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April 22, 2004

XM-8 Question

One advantage to having this blog is my wealth of readers with superior ballistic knowledge. So, i ask you Publicola, Rustler, et al.: is the hype i've been reading about the soon to be available XM-8 true? Or is it all hype? i already know how most users feel about the M-16. Would the XM-8, in either the 5.56mm or 6.8mm version, solve our problem? It sure is a science fictioney looking thing.

Posted by annika, Apr. 22, 2004 |


I wish I was on the office cable: they have videos.

Posted by: Tiger on Apr. 22, 2004

The only gun I know how to shoot doesn't even squirt straight.

Posted by: d-rod on Apr. 22, 2004

I wouldn't rely heavily on Mr. Tierney's analysis.
One seemingly implausible claim is that the M-16 caused the deaths of THOUSANDS of are soldiers. I'm not sure of the exact numbers, but we've probably lost about 60k men to combat action since the inception of major combat in Vietnam. Tierney doesn't attribute a thousand deaths, two thousand deaths but multiple thousands, we must assume he means at least 3k or more.
-I doubt the M-16 is directly responsible for one of every 20 KIAs. First the M-16 was initially used by the Air Force, only in '66 did the Army request 100k M-16s for service in Vietnam. Thousands had already perished before the mouse-gun was deployed. Second a substancial portion of troups carried: M-60s; M-79 (thump guns); M-870 Mk 1 shotguns; M-3 (grease guns); M-14s; and even Stoner 63s, after the M-16 had been fully fielded. Removing these would shift the percentage even higher. I hate to trifle when the numbers represent our fallen countrymen, but these things do require a cold scientific approach, if only to draw the correct conclusions and prevent further, avoidable, injuries.
-I actually favor a switch to either the 6.5x45 Grendel or the 6.8x45 Rem., if thier bullets are optimized for military roles. However, the assertation that the 5.56x45 firing M193 BALL or M855 ammo, is a varmint gun is somewhat dubious, the site ammo-oracle.com has an indepth explaination of the cartridge/bullet's external and all important terminal ballistic characteristics.
-Briefly, a projectile with higher energy, say, the 7.62x51 round fired from a M-14 or M-60, always has the potential to exihibit more penetration or trauma but usually not both. Unfortunately, the potential isn't realized in the M-80 BALL ammo, in use throughout Vietnam to present-day. The aforementioned M-855 varmint round will penetrate more steel at greater ranges than the M-80 BALL round. Further the M-193 varmint round can cause greater tissue trauma, sub 300m, than the M-80 BALL. That's not debatable, it's demonstrable. So the current varmint ammo may not be a man-stopper but it's better than the inefficient 7.62 rounds used extensively in Vietnam. Obviously the 7.62, 6.8, 6.5 rounds could surpass the performance of the 5.56 varmint round, but in the wars we've fought in the past the fragmenting M-193 varmint bullet had the ability to stop charlie, better than the admittedly more manly 7.62.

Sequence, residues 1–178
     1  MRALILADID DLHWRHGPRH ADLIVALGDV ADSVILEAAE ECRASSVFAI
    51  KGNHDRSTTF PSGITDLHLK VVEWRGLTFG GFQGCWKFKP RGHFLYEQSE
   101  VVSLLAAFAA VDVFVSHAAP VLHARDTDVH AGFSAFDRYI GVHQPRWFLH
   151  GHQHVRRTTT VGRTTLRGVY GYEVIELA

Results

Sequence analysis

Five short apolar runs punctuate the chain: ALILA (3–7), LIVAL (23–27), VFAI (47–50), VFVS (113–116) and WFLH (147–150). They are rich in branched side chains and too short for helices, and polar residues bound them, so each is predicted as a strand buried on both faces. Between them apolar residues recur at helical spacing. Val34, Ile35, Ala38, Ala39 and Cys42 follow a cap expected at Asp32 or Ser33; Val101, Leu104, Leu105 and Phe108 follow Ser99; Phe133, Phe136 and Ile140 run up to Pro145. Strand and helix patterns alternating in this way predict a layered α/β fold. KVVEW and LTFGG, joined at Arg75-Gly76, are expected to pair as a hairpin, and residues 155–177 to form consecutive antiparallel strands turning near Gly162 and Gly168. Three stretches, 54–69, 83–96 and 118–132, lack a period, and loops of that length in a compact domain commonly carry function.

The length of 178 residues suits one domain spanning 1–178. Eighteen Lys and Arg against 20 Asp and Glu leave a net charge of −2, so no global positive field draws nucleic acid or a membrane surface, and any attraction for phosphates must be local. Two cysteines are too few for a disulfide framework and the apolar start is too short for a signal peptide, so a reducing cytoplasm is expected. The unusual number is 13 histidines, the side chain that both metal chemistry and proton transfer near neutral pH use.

-All aside, we have the ability to provide better rifles to those who defend us. I think the Brits did a study in the 50s regarding the most effiecient calibre and arrived at a conclusion about 7mm wide, 6.8 is definately in the park. Personally I'd like to see it chambered in a Stoner 63 variant or maybe even a G-3 type, with the barrel shifted closer to centre-line, like the M-16.
Sorry 'bout the length, but you did ask...?

Posted by: Jasen on Apr. 22, 2004

Sorry, I meant to type our, not are.
All appologies for any other speling or gramatical erors.

Posted by: Jasen on Apr. 22, 2004


Mr. Tierney's rant isn't very useful. I think much of it is exaggerated, some of it inaccurate, and it focuses on some problems that were fixed long ago. As one example, to my knowledge the claim that the M16 was designed to "allow smaller and younger troops to . . . spray rounds without tiring" is pure crap. The smaller, lighter weapon was meant to be less fatiguing to lug around for weeks at a time, and more maneuverable in tight spaces. If you've never carried a 10-pound rifle all day, you can't appreciate what a tiring pain in the ass it really is. The smaller rounds were intended to permit soldiers to carry more ammo for the same weight. And there's nothing inherently wrong with the idea that each rifleman ought to be able to quickly pump numerous shots into the enemy, or lay down a blanket of suppressive fire with his shoulder weapon. The fact that (besides artillery, of course) machineguns dominated the battlefields of the last century proves that full-auto fire is not inherently a bad thing. If some troops substituted "spray and pray" for aimed fire when it was inappropriate to do so, that was a training and discipline problem, not a design flaw.

But none of that means the M16 is the ideal weapon.

As for reliability, no weapon never fails. And anytime a weapon fails in combat, soldiers are going to bitch, and their buddies are going to pick up the tune and bitch some more. That's understandable: People get touchy when their lives are on the line. But it does tend to distort the magnitude of the problem, I think. All that said, though, some weapons do fail more regularly than others, and the good ones don't do it often if properly cared for. So we shouldn't just shrug our shoulders if there really is a problem.